What We Spend

Payments made to suppliers with a value over £25,000 by Sussex Community NHS Trust. Below are lists of reports of individual payments to suppliers with a value over £25,000 made within the month. Publication of these reports forms part of the government's commitment to greater transparency and the Trust’s commitment to be open and transparent with its stakeholders.

The attachments are all CSV files.

Financial Year 2017/2018

Looking for archived reportsArchived financial reports are available to download.

Countering Fraud

Each NHS Trust & Health body is directed by the Secretary of State to provide Counter Fraud provision, these officers are all working towards eradicating Fraud within the NHS.

If you work for our Trust and have a suspicion of a fraud occurring in your workplace, or if you are a member of the public that is concerned that a fraud might be taking place at the Trust please do not hesitate to contact us.


Chris Lovegrove
NHS Counter Fraud Manager
Tel: 01424 776750 / 01273 696011 x 5431
Mob 078794 34976
Email: chris.lovegrove@tiaa.co.uk / chris.lovegrove@nhs.net

Clive Leadley
NHS Counter Fraud Officer
Tel: 01424 776750/ 01273 696011 ext 5432
Mob; 07979 503198
Email: clive.leadley@tiaa.co.uk or clive.leadley@nhs.net 

Claire Friend, NHS Counter Fraud Officer
Tel: 01424 776750
Mobile: 07768 888793
Email: claire.friend@tiaa.co.uk / cfriend@nhs.net

Alternatively you can contact the NHS Fraud and Corruption Reporting Line 0800 028 40 60 or submit a report online at www.reportnhsfraud.nhs.uk

What does NHS fraud look like?

By health professionals: Fraud by NHS professionals includes claiming for treatment or services not provided (e.g. Medicines Use Reviews at pharmacies, dental treatment or optical services not carried out) and working elsewhere while on sick leave.

By managers and staff: Fraud by NHS managers and staff includes submitting fraudulent claims for grants and payments (e.g. false or inflated travel or subsistence claims, and fraudulent applications for funding and training).

By contractors and suppliers: Contractor and supplier fraud includes charging for items of a higher quality or greater quantity than those supplied, and using inappropriate tendering processes.

By patients: Patient fraud includes claiming for free or reduced cost treatment and services when not entitled, and using aliases to get prescription drugs.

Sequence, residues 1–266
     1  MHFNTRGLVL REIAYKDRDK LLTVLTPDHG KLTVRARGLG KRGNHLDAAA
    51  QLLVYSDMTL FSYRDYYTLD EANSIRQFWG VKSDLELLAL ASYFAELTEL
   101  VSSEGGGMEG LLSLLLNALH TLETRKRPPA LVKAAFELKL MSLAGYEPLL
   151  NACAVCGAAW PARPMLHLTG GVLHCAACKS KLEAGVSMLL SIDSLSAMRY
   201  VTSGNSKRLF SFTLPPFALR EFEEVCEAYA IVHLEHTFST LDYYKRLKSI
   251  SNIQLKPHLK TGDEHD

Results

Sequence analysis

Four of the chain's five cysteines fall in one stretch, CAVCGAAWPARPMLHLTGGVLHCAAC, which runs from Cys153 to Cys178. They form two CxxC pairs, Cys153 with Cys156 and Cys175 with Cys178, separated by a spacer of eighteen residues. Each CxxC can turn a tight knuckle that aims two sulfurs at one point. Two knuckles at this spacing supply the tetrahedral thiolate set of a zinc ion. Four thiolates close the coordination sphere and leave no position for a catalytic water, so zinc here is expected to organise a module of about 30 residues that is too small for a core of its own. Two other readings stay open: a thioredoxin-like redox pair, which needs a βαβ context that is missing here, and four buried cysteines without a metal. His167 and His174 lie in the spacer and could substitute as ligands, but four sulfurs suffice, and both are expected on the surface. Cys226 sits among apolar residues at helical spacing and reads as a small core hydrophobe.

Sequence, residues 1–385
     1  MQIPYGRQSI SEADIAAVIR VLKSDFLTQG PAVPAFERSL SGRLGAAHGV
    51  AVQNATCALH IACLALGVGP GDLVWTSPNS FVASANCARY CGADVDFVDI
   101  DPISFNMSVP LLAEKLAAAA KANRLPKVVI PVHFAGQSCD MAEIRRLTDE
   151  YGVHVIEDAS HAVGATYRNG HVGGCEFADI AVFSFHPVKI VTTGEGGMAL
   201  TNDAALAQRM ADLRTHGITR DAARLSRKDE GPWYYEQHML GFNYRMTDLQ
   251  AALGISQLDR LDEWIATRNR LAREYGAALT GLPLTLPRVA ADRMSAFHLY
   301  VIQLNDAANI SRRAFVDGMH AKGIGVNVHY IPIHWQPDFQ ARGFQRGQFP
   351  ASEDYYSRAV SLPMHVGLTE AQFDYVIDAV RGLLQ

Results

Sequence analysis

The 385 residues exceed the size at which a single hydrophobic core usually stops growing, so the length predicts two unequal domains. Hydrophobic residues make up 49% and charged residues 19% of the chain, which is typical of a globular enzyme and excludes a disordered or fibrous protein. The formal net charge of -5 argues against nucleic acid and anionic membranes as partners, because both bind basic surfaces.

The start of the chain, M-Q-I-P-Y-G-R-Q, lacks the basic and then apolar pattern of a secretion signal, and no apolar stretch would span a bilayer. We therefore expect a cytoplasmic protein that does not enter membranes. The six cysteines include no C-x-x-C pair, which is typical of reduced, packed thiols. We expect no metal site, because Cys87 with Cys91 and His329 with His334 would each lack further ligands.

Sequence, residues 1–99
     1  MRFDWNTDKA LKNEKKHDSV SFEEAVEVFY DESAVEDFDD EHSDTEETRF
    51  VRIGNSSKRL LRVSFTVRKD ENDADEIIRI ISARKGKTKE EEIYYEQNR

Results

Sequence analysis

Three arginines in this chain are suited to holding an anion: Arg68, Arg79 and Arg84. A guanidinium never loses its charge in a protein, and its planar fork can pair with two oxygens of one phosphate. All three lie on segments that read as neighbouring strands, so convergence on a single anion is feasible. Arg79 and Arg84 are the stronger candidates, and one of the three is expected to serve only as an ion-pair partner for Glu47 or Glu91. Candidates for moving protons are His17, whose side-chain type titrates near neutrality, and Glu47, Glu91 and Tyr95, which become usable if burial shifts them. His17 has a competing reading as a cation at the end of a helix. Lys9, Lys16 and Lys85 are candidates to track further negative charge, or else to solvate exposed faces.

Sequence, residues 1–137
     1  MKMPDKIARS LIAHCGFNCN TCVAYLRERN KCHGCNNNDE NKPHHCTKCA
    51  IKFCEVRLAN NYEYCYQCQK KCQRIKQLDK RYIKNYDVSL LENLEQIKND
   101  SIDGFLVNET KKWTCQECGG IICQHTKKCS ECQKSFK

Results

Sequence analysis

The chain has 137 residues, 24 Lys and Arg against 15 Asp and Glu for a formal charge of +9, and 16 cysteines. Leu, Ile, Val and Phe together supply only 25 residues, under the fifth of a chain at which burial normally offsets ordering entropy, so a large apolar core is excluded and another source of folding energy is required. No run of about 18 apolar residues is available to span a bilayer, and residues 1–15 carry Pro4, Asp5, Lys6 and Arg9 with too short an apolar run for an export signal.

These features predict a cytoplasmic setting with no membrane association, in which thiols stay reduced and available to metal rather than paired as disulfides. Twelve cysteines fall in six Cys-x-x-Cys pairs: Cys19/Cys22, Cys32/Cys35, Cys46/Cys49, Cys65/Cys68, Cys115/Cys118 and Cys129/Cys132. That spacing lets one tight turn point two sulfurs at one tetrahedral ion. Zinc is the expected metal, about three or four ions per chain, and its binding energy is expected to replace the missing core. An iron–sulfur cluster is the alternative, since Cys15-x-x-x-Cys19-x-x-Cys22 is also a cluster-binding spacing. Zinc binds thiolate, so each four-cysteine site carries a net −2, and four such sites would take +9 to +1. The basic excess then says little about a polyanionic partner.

The NHS Counter Fraud Service wants to hear from you if you have any suspicions of fraud. If in doubt – make the referral. Remember, fraud in the NHS deprives hospitals and patients of valuable equipment, staff and resources and costs you, the taxpayer, more money to fund the NHS. It’s your NHS. Don’t let them get away with it.

National Fraud Initiative (NFI) Fair Processing Notice

Sussex Community NHS Trust is required by law to protect the public funds it administers. It may share information provided to it with other bodies responsible for auditing or administering public funds, in order to prevent and detect fraud.

The Audit Commission appoints the auditor to audit the accounts of the Trust. It is also responsible for carrying out data matching exercises.

Data matching involves comparing computer records held by one body against other computer records held by the same or another body to see how far they match. This is usually personal information. Computerised data matching allows potentially fraudulent claims and payments to be identified. Where a match is found it may indicate that there is an inconsistency which requires further investigation. No assumption can be made as to whether there is fraud, error or other explanation until an investigation is carried out.

The Audit Commission currently requires us to participate in a data matching exercise to assist in the prevention and detection of fraud. We are required to provide particular sets of data to the Audit Commission for matching for each exercise, and these are set out in the Audit Commission’s guidance, which can be found at www.audit-commission.gov.uk/nfi.

The use of data by the Audit Commission in a data matching exercise is carried out with statutory authority under its powers in Part 2A of the Audit Commission Act 1998. It does not require the consent of the individuals concerned under the Data Protection Act 1998.

Data matching by the Audit Commission is subject to a Code of Practice. This may be found at http://www.audit-commission.gov.uk/national-fraud-initiative/code-of-data-matching-practice/

For further information on the Audit Commission’s legal powers and the reasons why it matches particular information, see http://www.audit-commission.gov.uk/fairprocessing.